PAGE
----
Mother Nature didn’t miss many chances to remind Dixon McDonald who had home-field advantage as the Vanderbilt alumnus and three teammates attempted to row across the Atlantic Ocean. A marlin’s spear-like bill provided a particularly pointed example when it pierced the hull of their craft hundreds of miles from land—and from any potential rescue—during the 2020 Talisker Whisky Atlantic Challenge.
Entrants in the annual race row approximately 3,000 miles from the Canary Islands, just off the coast of Africa, to the Caribbean nation of Antigua in boats that are only 28 feet long and a little more than 3 feet wide. McDonald and teammates Jimmy Carroll, Todd Hooper and Jono Mawson were approximately two-thirds of the way across the ocean when they felt a jolt akin to being rear-ended by a car. The marlin’s sharp bill had pierced the hull and missed a teammate’s leg by inches.
McDonald’s team sealed the resulting leak and eventually rowed into port on Jan. 17, 2021—36 days after they had embarked. They finished third among 21 teams overall and second in their division. About two inches of the marlin’s bill came along for the ride, still pointing skyward from the bottom of the boat.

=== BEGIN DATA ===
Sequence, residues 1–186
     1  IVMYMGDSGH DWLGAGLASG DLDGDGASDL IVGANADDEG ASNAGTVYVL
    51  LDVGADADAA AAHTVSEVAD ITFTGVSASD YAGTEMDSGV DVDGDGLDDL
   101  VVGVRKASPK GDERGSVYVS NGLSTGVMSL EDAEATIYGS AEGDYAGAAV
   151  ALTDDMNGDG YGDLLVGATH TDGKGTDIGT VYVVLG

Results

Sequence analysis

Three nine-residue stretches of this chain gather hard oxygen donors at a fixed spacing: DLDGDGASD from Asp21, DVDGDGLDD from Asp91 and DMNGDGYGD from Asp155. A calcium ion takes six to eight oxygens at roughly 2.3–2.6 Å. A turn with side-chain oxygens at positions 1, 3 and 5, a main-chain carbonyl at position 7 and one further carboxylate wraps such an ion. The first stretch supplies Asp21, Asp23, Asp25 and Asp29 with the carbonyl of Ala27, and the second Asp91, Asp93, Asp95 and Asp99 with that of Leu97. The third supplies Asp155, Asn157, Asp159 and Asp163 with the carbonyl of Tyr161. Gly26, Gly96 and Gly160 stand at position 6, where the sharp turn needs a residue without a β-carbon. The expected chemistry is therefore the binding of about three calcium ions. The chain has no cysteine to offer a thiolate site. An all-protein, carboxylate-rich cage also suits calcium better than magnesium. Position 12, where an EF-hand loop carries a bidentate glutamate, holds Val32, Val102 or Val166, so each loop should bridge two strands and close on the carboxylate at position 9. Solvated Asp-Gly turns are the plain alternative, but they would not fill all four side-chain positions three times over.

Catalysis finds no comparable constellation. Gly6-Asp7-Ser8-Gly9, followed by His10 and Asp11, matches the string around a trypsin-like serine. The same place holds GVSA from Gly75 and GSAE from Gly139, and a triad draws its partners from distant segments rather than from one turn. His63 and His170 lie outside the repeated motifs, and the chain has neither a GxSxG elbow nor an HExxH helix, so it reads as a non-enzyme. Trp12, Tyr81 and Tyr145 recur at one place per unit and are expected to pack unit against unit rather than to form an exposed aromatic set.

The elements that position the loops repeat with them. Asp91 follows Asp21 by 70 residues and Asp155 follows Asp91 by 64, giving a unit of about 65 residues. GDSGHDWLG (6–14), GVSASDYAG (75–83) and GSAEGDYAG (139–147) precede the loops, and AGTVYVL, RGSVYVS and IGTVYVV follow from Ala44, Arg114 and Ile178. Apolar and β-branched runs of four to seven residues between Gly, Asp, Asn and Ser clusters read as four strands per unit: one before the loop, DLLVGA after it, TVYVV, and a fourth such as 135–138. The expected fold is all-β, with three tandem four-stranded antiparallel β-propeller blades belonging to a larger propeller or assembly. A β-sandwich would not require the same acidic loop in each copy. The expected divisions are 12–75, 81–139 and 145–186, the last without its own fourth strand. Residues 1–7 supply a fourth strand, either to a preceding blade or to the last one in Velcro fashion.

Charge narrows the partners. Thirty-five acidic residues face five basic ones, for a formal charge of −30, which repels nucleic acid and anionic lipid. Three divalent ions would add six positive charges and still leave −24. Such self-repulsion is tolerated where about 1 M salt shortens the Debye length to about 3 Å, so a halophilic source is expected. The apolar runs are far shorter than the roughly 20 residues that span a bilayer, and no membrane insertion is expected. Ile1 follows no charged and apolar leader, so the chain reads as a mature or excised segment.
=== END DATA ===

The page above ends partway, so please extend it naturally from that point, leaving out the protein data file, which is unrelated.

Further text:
The marlin encounter embodied the initial reaction McDonald had upon learning of the race’s existence three years earlier. “I couldn’t believe that people did something like this,” McDonald recalls. “It seemed a mix of insanity and stupidity.”
Before learning about the event, McDonald had spent little time using so much as a rowing machine. But the endurance challenge attracted him for reasons that go back to Vanderbilt. A former high school tennis player, he missed competition and camaraderie in college. He ran two half-marathons as a senior, then committed to triathlon training after moving to New York after graduation, qualifying for the Ironman 70.3 World Championships and Boston Marathon. He was working in London when he heard about the Talisker race and assembled a team with three British friends.
During the race, there were stressful moments beyond marlin encounters, including a storm that nearly tossed them from the boat. When there wasn’t drama, there was wearying routine. They rowed in two-hour shifts, two always at the oars and two sleeping as best they could.
Yet there was also indescribable beauty. A meteor shower lit up the sky. Bathing in the middle of the ocean, McDonald looked down through water so clear and deep that it defied description.
The team raised more than $250,000 for four charities. McDonald’s share went to Achilles International, which is committed to expanding the disabled community’s access to endurance competitions.
“It is a seemingly impossible pursuit,” McDonald says. “To try and achieve that with three other people was really appealing. I didn’t know what I was getting myself into, I just knew that I wanted to do it. I wanted to see if I was up for it.”